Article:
WASTE NOT, WANT NOT

Lebanon 2017 | GREEN ECONOMY | INTERVIEW

TBY talks to Tarek Mohamad El Khatib, Minister of Environment, on boosting renewables in Lebanon, working with municipalities to maximize waste management efficiency, and dealing with the environmental fallout of the crisis in Syria.

Tarek Mohamad El Khati
BIOGRAPHY
Tarek Mohamad El Khatib was born in Hasrout in 1955. He holds a degree from the Lebanese University Faculty of Law. From 1980 until now, he has been active member of the Beirut Bar Association and has managed the Khatib Law Firm since 1991.

How do you plan to achieve 12% renewable energy by 2020?

According to the Ministry of Energy and Water, which is responsible for implementing the goal of reaching 12% of renewable energy in Lebanon by 2020, there are companies currently bidding for the selection of sites to build 200MW of wind power plants. The Ministry of Energy and Water intends to produce 180MW of solar energy by the year 2020. It is expected that the solar water heaters will be adopted over an area of no less than 1 million sqm.

Lebanon is committed to reducing greenhouse gas emissions by 30% by 2030. What are your expectations in this regard?

Lebanon has committed to reducing greenhouse gas emissions by 15% by 2030 as an unconditional goal and by 30% as a goal conditional on international support. The plan includes increasing the proportion of renewable energy and heating to 15% unconditionally and 20% if there is international support. We are also planning on increasing the energy efficiency ratio by 3% unconditionally and 10% conditionally. In the transport sector, our unconditional goal is to increase this 36%, or to 48% in the event of adequate international support. The plan also includes a 20% increase in the proportion of cars capable of fueling consumption. In the forestry sector, 20 million trees will be planted by 2030 to absorb carbon emissions. This number could reach 26 million if the appropriate support is available. And for the waste sector, we want to reduce this by 25%. The plan also includes treating 51% of wastewater.

What are the key initiatives taken by the ministry to prevent another waste crisis in the country?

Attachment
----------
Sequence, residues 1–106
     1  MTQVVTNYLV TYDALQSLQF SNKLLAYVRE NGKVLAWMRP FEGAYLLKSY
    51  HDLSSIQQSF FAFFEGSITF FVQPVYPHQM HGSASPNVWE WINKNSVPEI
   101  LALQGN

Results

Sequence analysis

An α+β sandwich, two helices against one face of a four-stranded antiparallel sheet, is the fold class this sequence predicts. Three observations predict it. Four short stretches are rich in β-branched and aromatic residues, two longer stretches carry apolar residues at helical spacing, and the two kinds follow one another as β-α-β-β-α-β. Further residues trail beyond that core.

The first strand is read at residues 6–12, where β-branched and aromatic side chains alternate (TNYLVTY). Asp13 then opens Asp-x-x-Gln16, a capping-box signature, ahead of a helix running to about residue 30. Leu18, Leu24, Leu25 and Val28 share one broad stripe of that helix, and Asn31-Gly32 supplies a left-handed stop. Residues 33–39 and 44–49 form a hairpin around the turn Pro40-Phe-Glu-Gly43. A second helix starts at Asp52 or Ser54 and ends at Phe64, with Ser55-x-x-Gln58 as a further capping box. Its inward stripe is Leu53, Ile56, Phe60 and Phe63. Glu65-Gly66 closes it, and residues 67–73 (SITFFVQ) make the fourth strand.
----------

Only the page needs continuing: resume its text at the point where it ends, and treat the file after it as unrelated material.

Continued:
The role of municipalities in the integrated management of solid waste is still crucial. The ministry issued circular No. 8/1 on November 16, 2015, concerning some guidelines on the integrated management of solid household waste to municipalities, municipal federations, and governors. This deals with the hierarchy of waste management from the reduction of waste production to reusing and recycling, energy extraction, and the rehabilitation of distorted sites. In addition to the above-mentioned technical support, the ministry is seeking financial support through grants, most recently a EU grant of EUR13 million for the Protection and Sustainable Development of Marine Resources in Lebanon project.

How does your ministry work alongside the Ministry of Energy and Water and the Petroleum Sector Management Authority to ensure proper environmentally friendly procedures for future exploration in oil and gas?

In 2010/2011, we prepared a strategic environmental assessment study with funding from the Ministry of Energy and Water that had a number of recommendations based on the activities proposed in the Sustainable Development of Oil and Gas in Lebanon (SUDIL) project.

As Environment Minister, what are your main priorities for the coming year?

I have seven priorities: first, the initiation of a transition to a circular economy starting with the integrated management of solid waste and the rehabilitation of quarry sites. Second, the protection of water resources from pollution by following up on the implementation of the road map to combat the pollution of Lake Qaraoun and the Litani river, while preparing similar plans for other rivers. Third, reversing the phenomenon of random urban extension and conserving biological diversity, starting with guidelines for the protection of mountain tops and natural areas and regulating investment in beaches, green spaces, and agricultural lands, as well as the rehabilitation of quarry sites. Fourth, continuing to stimulate climate action. Fifth, reducing the environmental impact of the crisis of displaced Syrians. Sixth, activating a system of environmental control and application of environmental laws. And finally, we must complete our National Strategy for Sustainable Development.